High energy prices and hawkish comments from central bankers are among the reasons for investors’ increasing nervousness about the inflation outlook. That overused adjective “transitory” has not been heard in recent days. A web search for “hawkish” throws up references to the central banks of Britain, Poland, Israel, Romania and the United States, and that is just the first page.
Ahead of this week’s International Monetary Fund meeting (which will go ahead with Managing Director Kristalina Georgieva reconfirmed in her post), the talk is of institutional caution. The word is that the IMF will mark down its outlook for the global economy, in contrast to the upgrades wheeled out six months ago. UK Chancellor of the Exchequer Rishi Sunak (GBP) will apparently chair one of the sessions, and may well be asked to discuss the effects of higher taxes and reduced welfare payments on the UK economy.
The prospect of higher interest rates – not of course within the remit of the chancellor – is providing no obvious uplift to sterling (GBP). On Monday it was very slightly softer on average, losing out by around 0.3% to the USD, EUR and CHF. Sterling’s immediate indifference to interest rates aside, there was evidence that investors are still looking at that element. The Japanese yen (JPY) had another tough day, leaving it an average of 2% lower on the week, allegedly because the Bank of Japan is the major central bank least likely to tighten monetary policy.
No jobs surprises
The UK employment data released ahead of London’s opening this morning looked very much as expected. Sterling (GBP) slipped a little after the announcement, but that probably had more to do with the wobble in sentiment than with any worries about the statistics themselves.
The ONS said the UK labour market (GBP) is “continuing to recover”, with the total number of employees “returning to pre-coronavirus pandemic (February 2020) levels”. “The number of job vacancies in July to September 2021 was a record high of 1.1 million; an increase of 318k from its pre-pandemic (January to March 2020) level”. The appearance of wages growth was again inflated by temporary pandemic-related factors.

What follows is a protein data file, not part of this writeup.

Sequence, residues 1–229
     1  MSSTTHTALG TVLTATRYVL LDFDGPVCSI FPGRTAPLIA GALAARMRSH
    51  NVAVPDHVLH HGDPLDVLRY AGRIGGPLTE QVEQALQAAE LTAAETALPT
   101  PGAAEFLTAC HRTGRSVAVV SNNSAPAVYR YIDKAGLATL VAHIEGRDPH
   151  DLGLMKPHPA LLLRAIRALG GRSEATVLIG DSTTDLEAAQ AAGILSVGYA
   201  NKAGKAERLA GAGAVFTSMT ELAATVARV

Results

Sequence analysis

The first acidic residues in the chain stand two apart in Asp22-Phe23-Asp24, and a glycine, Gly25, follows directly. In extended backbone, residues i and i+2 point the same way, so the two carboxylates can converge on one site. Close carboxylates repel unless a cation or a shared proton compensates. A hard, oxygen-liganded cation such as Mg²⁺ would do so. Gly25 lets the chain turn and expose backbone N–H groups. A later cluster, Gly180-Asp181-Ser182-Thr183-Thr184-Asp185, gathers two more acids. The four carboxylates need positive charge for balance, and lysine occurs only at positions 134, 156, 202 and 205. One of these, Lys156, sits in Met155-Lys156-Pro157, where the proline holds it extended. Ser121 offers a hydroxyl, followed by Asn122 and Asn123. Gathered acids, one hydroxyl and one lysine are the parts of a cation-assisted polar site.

Prior to the UK employment numbers, the supply of ecostats was skimpy on Monday and overnight. New Zealand visitor arrivals (NZD), which are expressed as a monthly and yearly change, have become almost meaningless as a result of lockdowns and border restrictions. They fell 44% on the year in August, having been up by an annual 767.8% the previous month. The BRC reported “the worst performance since January” for UK retail sales. NAB’s Monthly Business Survey for September found Australian business confidence rebounding strongly, and “well above its long-run average”. The AUD was Monday’s top performer, though not as a result of that survey.
Another quiet day
Dullness lies ahead. The highlights will be economic sentiment (EUR), UK gross domestic product and central bank speakers. At 07:00 on Wednesday, Britain (GBP) will report on output and GDP.
ZEW will present the only European ecostats this morning, for investor confidence in Germany and the Eurozone (EUR). At some unspecified point the NIESR will reveal its estimate for third quarter gross domestic product (GBP). Figures from the United States (USD) cover small business confidence and the Bureau of Labor Statistic’s Job Openings and Labor Turnover Survey (JOLTS). Tonight’s antipodean data relate to NZ house prices (NZD) and Australian consumer confidence (AUD).
Today’s central bank speakers include Philip Lane and Frank Elderson from the European Central Bank, and Richard Clarida and Raphael Bostic from the US Federal Reserve.